Bringing in more than 2,400 Jewish collegiate basketball players, coaches and fans from around the country requires an ambitious checklist, even for18 students willing to fill their time with the details and work required to host a competitive tournament followed by a concert featuring Matisyahu and Nadim Azzam.
And don’t forget all that Gatorade.
The National Hillel Basketball Tournament, hosted annually by Maryland Hillel, completed its sixth year last weekend when more than 50 teams from 35 schools came together in College Park with two things uniting them: Judaism and basketball.
“What’s unique about [NHBT] is that we’re a tournament with a board of 18 students that starts the first week of the [school] year in September and we work until the tournament happens,” said Joseph
Tuchman, chairman of the tournament and a graduating senior at U-Md. “These are 18 students who are all go-getters from other organizations [around campus].”
Tuchman, 24, from Silver Spring, got involved as a freshman and has run the show for three years straight. The event, which is fully student-run, had a budget of $100,000, all raised and distributed by students.
“To do that you need to have incredible trust in everyone on the team,” said Tuchman.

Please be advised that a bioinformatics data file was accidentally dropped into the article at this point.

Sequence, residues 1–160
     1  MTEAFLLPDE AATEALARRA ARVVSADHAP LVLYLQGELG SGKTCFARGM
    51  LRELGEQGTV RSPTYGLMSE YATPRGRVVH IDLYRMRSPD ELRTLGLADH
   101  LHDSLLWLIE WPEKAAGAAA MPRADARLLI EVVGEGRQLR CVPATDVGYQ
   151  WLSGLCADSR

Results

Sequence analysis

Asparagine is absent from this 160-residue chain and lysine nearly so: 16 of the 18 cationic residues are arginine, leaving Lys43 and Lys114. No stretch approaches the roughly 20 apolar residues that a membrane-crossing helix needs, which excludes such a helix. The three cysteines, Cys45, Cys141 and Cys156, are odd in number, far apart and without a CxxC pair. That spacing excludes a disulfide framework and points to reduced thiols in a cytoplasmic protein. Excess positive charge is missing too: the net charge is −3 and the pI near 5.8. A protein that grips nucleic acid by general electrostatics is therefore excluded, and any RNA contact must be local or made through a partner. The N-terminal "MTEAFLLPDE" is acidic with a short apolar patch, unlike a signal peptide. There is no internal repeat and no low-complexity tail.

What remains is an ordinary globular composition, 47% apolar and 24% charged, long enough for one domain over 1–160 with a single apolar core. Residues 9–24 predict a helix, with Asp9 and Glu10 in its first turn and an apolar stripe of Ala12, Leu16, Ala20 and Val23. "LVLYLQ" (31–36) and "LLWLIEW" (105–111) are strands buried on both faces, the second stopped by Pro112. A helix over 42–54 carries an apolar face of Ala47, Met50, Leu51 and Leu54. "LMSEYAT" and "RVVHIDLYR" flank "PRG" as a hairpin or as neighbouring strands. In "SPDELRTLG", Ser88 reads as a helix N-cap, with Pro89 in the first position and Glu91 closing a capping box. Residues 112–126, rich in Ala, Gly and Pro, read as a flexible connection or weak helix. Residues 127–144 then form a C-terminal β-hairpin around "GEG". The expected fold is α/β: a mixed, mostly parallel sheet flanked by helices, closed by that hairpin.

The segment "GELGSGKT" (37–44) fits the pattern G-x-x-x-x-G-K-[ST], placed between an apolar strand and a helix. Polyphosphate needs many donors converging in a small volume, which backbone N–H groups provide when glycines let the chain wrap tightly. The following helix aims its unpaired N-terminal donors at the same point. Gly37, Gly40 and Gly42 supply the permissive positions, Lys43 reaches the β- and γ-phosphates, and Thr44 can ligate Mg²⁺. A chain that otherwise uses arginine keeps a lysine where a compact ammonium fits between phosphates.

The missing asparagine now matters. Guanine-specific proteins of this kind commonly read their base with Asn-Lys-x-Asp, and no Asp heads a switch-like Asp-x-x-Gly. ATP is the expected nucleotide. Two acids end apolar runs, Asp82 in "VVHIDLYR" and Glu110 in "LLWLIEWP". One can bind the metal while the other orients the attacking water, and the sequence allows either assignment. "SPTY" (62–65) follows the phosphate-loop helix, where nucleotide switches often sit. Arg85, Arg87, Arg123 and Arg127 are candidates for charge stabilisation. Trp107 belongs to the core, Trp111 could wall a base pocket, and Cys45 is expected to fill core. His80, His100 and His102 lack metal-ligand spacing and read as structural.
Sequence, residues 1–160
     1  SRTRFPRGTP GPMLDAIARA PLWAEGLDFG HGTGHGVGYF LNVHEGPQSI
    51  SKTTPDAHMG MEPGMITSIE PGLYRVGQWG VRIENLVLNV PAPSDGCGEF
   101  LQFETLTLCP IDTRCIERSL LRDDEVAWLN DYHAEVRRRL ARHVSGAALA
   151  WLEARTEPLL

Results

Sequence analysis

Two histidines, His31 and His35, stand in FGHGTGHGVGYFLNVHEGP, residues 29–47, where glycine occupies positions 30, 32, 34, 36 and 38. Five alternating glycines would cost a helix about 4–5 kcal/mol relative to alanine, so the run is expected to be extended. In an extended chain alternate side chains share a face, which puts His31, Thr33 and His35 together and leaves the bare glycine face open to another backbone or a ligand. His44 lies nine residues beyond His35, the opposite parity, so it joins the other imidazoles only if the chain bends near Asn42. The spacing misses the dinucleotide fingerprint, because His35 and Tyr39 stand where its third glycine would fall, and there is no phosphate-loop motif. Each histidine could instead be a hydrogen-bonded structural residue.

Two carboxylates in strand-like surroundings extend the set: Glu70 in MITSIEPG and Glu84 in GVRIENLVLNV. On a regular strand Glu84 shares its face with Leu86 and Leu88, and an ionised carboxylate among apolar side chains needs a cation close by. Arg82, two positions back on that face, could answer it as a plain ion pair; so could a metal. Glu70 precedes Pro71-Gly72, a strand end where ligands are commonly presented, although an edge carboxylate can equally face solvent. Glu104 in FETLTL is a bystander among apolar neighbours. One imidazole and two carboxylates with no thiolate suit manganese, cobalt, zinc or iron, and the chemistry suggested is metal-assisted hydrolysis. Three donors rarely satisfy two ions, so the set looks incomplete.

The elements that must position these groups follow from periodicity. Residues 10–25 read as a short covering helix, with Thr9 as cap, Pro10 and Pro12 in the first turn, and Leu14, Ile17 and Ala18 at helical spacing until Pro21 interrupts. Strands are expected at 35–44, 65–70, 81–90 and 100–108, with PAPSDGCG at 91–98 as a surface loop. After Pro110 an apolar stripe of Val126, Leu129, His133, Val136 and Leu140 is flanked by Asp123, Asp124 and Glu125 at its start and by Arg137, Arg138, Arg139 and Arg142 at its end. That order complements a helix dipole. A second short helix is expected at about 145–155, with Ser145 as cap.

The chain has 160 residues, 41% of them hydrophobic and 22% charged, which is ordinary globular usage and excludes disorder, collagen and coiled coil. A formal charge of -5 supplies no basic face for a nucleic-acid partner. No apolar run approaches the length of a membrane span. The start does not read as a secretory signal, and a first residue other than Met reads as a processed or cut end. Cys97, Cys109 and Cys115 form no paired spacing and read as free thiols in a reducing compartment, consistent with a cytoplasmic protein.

He has seen the event grow from 25 teams, 200 athletes and one sponsor.
The championship games were dedicated to Jewish students killed in the past year.
The men’s championship game, dedicated to Ezra Schwartz who was killed while studying in Israel, ended at 46 to 40 with Yeshiva University beating George Washington University.
“It was nice to spend Shabbos with so many Hillels from around the country,” said Mikhael Smits, from Boston, who played for Princeton University. “You get to reconnect with old friends, make new ones and play a little bit of basketball.”
Smits added, at Princeton, he plays for an intramural Jewish basketball team called Gefilte Swish. The team brought eight members to the tournament and made it to the sweet 16.
“The tournament itself is great but [I enjoy] just hanging out with everyone and the atmosphere of it,” said Uri Pearl, who is from Atlanta and played for U-Md.
Emory University took the women’s championship game, dedicated to Daniella Moffson who was killed in a bus crash in Honduras, with a score of 28 to 15 against Stern College for Women.
The tournament, which was created by alumna Rachel Klausner in 2010, attracts both under and upperclassmen.
“I’m loving [the tournament], it’s [set up well],” said Sara Grzebinski, a freshman from Columbia University. “It’s great to be around so many other Jewish kids and [we’re] having a good time meeting each other.”
The tournament also brings together Jewish college students for a Shabbat weekend. This year, more than 600 people attended the Friday night dinner.